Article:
Generally, water is not the cook’s best friend when it comes to preparing vegetables. Many of the vitamins and minerals within vegetables and fruit are water soluble, and therefore any cooking process that involves contact with water will deplete levels of nutrients to different extents (boiling is the worst, whilst steaming is much more nutrient friendly). Stir frying on the other hand, usually involves the use of some kind of culinary oil into which water soluble nutrients are unable to enter. Not only does stir frying help retain nutrient levels, but also the resulting texture and colour can be more appetising than other cooking methods (and it’s quick!).

Overall, there will always be a loss in nutritional value of foods, however, the degree of vitamin and mineral losses from food is influenced by various factors, for example the type of food, variety of food, the way of cutting, preparation, duration and method of cooking.

Why must man play God in the food chain?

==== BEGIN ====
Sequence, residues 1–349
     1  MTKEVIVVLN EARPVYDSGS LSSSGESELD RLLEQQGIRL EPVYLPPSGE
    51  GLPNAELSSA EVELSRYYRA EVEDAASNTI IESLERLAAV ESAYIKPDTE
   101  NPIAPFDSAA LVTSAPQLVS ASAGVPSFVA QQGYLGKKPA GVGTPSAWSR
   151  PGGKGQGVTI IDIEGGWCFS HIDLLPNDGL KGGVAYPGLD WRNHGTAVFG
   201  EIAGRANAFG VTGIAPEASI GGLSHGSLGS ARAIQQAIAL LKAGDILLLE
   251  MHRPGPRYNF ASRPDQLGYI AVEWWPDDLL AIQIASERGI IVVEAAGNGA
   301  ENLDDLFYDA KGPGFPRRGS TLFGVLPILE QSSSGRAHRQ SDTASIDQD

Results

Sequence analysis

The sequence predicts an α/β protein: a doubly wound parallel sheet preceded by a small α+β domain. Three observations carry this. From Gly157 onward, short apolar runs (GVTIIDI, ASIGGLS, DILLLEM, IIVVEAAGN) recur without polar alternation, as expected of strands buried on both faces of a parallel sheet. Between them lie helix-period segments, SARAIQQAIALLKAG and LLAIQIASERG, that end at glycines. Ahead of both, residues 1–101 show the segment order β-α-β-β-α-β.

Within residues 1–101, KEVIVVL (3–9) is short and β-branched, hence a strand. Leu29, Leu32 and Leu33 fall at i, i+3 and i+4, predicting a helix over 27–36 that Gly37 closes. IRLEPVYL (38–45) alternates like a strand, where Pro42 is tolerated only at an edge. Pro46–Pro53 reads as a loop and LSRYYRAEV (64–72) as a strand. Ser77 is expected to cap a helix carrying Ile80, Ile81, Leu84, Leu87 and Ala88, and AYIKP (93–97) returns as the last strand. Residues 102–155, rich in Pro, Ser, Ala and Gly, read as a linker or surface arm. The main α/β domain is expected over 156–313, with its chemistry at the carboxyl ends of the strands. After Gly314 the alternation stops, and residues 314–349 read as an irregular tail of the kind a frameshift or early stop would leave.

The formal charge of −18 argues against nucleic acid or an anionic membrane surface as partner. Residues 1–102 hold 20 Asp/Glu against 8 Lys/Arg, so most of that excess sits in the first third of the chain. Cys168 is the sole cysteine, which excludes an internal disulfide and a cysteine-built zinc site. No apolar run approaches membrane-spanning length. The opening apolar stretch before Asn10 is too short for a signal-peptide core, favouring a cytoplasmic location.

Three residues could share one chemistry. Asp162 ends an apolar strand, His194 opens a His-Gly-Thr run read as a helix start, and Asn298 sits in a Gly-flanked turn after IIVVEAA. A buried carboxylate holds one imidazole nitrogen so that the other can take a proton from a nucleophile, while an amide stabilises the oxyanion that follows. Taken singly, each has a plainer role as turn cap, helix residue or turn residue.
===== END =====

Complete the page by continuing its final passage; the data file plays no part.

There was a time when the phrase ‘cloning’ only really existed in science fiction novels and the minds of small boys. However, our ability to progress scientifically blossomed in 1996 in the form of Dolly the cloned sheep; hitting the headlines, she caused quite a stir, highlighting the endless possibilities of such a feat as well as many ethical dilemmas. Dolly was cloned from a single mammary cell (and therefore very aptly named after the singer Dolly Parton) by a process called ‘nuclear transfusion’ in which the nucleus of one cell is injected into the empty shell of another, creating a ‘new cell’ with the ability to divide like a normal developing embryo. Dolly lived for 6 years and produced 6 lambs of her own, remaining the most famous sheep in the world. Whilst cloning of animals can be viewed as a viable tool for preventing the extinction of species, and even possibly for reviving extinct species, it seems that such a procedure is being vastly misused. I awoke this morning to the news that milk from the offspring of cloned cows has made its way into UK supermarkets. As a result the Food Standards Agency, the authority responsible for accepting novel food applications, is currently investigating such claims, as the sale of milk from such cows is currently illegal under UK food regulations. It both amazes and concerns me that we don’t seem to have enough dairy cattle in the first place, and that as consumers, we have no say in such processes, and no ways of identifying such products on our shelves as, apparently, the milk in question is neither labelled nor identified in any way.